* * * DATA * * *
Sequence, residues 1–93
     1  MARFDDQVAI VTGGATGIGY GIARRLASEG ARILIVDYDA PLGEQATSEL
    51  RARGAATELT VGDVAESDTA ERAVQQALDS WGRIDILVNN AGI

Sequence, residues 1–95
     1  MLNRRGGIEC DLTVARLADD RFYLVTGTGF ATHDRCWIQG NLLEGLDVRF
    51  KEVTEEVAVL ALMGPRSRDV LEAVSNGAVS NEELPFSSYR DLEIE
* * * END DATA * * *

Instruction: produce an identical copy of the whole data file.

Sequence, residues 1–93
     1  MARFDDQVAI VTGGATGIGY GIARRLASEG ARILIVDYDA PLGEQATSEL
    51  RARGAATELT VGDVAESDTA ERAVQQALDS WGRIDILVNN AGI

Sequence, residues 1–95
     1  MLNRRGGIEC DLTVARLADD RFYLVTGTGF ATHDRCWIQG NLLEGLDVRF
    51  KEVTEEVAVL ALMGPRSRDV LEAVSNGAVS NEELPFSSYR DLEIE